University of Pennsylvania Museum of Archaeology and Anthropology

Self-guided walking tours for visitors to Gordion, Turkey


By: Naomi Miller

September 5, 2014

Jane, me, and Beth checking the view from Tumulus P. Photo by Carolyn Aslan.
Jane, me, and Beth checking the view from Tumulus P. Photo by Carolyn Aslan

In earlier posts (August 3, 2012 and August 8, 2014), I mentioned the Gordion “ecopark” project’s goal of preserving regional biodiversity, the historical landscape, and the archaeological site itself. One part of the project concerns visitor education.

I first visited Gordion as a tourist in 1983 and began archaeobotanical fieldwork there in 1988. I have returned most years since then, and never tire of the landscape—cultural, historical, and botanical. In an attempt to share some of my appreciation for the place, I have put together a few self-guided tours that may encourage visitors to go beyond the local Museum and the excavated remains.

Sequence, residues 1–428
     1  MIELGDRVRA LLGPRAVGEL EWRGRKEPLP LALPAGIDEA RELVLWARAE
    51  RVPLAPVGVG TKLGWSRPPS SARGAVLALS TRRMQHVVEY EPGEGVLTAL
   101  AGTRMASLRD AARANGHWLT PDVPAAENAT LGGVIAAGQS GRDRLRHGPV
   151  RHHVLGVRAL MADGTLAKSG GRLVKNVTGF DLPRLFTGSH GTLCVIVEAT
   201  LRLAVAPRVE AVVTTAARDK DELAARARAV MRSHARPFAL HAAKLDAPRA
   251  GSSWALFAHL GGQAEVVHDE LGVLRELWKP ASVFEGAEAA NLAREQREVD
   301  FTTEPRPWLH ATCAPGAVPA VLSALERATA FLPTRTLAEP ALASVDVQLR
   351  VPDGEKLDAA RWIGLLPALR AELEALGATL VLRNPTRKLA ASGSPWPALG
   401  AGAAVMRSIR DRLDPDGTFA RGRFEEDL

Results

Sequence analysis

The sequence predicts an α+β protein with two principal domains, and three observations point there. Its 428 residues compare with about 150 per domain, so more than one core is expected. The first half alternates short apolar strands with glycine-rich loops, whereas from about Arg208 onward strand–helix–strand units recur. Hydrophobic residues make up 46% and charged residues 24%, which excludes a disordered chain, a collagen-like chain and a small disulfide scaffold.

Before I went to Gordion this summer, I already had a general idea of what the tours should include:

The question was, how to give easy-to-follow directions and just enough information to be interesting, but not so much that people would spend more time reading than actually looking around them. From the beginning, my plan was to field test the routes and information. My first drafts were overthought and overcomplicated; Gordion colleagues were quite happy to set me straight on that score (I hope I am not forgetting anyone: Dave Bescoby, Beth Dusinberre, Emily Miller, Jane Gordon, Carolyn Aslan, Canan Çakırlar), as seen in the photograph above.

Gordion is particularly rich in ancient monuments: over 100 burial mounds dot the landscape. The land between the mounds is equally important. Herding and farming have been practiced for millennia, but suburban and agricultural development threaten the area. If the sole measure of value is economic, much of what I love about Gordion will be lost, but in the interim, I hope that the economic value of tourism can exceed that of destructive alternative land uses, like excessive irrigation agriculture. Tourism alone will not save the place. The local population, too, has to value the natural and cultural heritage of the region. To that end, Turkish versions of these tours are under development .

The tours are designed to be used at the site itself; if you are planning a trip to Turkey, do visit Gordion.


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